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|The East is Red (Ink): China, Aid, and Debt Diplomacy in Sub-Saharan Africa
|Woodrow Wilson School
|China’s challenge to the Organization for Economic Cooperation and Development (OECD)-led donor regime in sub-Saharan Africa has piqued the interest of a small army of Western academics, many of whom argue that China gives development aid to Africa as a means to secure natural resources and political influence in recipient countries. I investigate how recipient country domestic politics – in this case the degree of ethnopolitical competition in sub-Saharan African countries – influences the allocation of Chinese foreign aid. I first theorize that, in countries with highly ethnically competitive political processes, leaders will utilize aid as a vehicle to cement their own political coalitions (the “effects” side). Because of a desire for aid rents, these countries will be incentivized to offer donors greater political and economic concessions in return for aid dollars (the “determinants” side). I evaluate this theory using two separate approaches. On the determinants side, I use fixed effects regression analysis to show that both China and OECD members donate to countries with greater degrees of ethnic political competition (thereby showing that the aid programs of OECD member nations are not immune to strategic considerations). On the effects side, I use a month of field work in Kenya and Tanzania to (1) demonstrate that Chinese aid has been captured by the ruling political coalition in Kenya but not in Tanzania; and (2) glean information into the nature of the concessions Kenya and Tanzania have offered in return for Chinese aid dollars. I find that both my theoretical framework and the mechanisms behind it are sound. In return for billions of Chinese aid dollars for unprofitable “prestige projects,” leaders of Kenya and Tanzania have tied their developmental models to China at the expense of their country’s economic futures, all while strengthening their own coalition’s hold on political power and increasing ethnic divisiveness.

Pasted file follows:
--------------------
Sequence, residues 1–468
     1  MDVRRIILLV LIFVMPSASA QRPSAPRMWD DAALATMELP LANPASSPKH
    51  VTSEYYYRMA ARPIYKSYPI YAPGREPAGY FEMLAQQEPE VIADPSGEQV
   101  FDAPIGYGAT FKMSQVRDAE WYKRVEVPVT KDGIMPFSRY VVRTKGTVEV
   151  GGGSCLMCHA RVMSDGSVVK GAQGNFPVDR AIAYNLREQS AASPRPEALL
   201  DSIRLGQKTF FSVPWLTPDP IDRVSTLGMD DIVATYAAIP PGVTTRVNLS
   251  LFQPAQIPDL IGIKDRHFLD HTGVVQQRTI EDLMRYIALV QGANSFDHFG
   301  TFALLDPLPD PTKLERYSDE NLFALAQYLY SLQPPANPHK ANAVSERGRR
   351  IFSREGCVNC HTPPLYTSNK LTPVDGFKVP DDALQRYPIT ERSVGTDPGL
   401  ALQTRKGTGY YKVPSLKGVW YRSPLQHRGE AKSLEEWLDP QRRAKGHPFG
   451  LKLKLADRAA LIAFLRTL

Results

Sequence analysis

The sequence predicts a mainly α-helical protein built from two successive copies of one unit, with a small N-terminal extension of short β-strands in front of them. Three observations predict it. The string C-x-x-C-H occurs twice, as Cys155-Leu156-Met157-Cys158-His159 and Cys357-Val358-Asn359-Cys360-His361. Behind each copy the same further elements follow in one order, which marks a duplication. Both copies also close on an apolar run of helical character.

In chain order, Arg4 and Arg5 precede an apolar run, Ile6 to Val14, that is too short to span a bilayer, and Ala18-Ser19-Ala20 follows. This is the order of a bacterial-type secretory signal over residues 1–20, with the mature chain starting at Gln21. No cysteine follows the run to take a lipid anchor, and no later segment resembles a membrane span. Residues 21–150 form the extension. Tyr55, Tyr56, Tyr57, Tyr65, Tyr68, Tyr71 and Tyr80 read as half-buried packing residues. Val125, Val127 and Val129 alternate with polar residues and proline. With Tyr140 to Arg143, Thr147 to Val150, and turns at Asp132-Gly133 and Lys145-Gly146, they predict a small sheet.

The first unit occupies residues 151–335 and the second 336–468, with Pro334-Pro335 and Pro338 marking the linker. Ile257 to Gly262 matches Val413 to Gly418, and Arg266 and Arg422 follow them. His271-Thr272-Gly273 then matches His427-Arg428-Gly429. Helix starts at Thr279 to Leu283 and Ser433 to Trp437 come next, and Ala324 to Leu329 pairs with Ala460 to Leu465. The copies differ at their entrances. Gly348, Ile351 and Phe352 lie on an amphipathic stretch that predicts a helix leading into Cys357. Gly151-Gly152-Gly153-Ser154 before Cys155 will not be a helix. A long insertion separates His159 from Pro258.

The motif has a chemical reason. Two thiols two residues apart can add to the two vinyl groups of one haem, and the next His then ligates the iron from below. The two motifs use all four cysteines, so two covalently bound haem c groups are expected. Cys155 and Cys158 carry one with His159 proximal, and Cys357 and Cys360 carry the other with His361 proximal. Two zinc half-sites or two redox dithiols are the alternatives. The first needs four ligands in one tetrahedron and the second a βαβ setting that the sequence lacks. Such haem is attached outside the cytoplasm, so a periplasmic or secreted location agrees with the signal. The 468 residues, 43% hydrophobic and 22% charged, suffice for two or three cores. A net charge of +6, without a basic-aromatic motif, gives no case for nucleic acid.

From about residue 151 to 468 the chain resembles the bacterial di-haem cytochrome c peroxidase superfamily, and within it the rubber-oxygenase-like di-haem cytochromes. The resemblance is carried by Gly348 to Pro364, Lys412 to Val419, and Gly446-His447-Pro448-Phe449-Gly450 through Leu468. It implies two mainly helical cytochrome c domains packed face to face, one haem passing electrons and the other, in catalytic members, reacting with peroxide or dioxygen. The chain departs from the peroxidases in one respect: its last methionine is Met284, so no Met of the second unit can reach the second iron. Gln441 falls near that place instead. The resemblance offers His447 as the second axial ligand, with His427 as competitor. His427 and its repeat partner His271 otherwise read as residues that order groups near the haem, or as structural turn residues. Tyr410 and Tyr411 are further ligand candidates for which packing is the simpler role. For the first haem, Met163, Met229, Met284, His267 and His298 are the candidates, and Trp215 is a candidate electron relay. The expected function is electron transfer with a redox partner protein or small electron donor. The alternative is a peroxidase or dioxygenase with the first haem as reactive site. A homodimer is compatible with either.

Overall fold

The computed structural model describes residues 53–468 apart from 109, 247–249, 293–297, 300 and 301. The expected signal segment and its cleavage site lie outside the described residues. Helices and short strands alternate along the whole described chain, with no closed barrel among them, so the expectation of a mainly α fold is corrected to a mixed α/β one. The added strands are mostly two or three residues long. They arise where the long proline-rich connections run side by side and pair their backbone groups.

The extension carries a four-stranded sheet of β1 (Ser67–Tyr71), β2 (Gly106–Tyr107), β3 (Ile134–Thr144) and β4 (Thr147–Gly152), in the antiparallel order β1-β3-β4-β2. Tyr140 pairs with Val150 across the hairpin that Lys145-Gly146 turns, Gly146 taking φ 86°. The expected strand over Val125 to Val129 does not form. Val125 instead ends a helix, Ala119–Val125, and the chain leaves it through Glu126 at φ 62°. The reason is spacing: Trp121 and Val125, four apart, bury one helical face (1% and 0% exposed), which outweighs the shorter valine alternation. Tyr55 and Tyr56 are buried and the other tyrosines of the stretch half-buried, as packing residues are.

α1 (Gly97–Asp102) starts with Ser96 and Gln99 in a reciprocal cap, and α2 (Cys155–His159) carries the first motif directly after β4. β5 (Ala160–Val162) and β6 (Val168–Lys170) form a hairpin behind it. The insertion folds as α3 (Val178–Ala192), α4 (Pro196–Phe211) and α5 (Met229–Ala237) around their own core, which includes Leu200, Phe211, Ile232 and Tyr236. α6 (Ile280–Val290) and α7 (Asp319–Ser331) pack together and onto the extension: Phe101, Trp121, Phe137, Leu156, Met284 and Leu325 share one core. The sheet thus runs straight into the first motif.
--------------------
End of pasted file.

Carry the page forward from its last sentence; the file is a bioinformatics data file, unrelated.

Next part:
|Type of Material:
|Princeton University Senior Theses
|Appears in Collections:
|Princeton School of Public and International Affairs, 1929-2023
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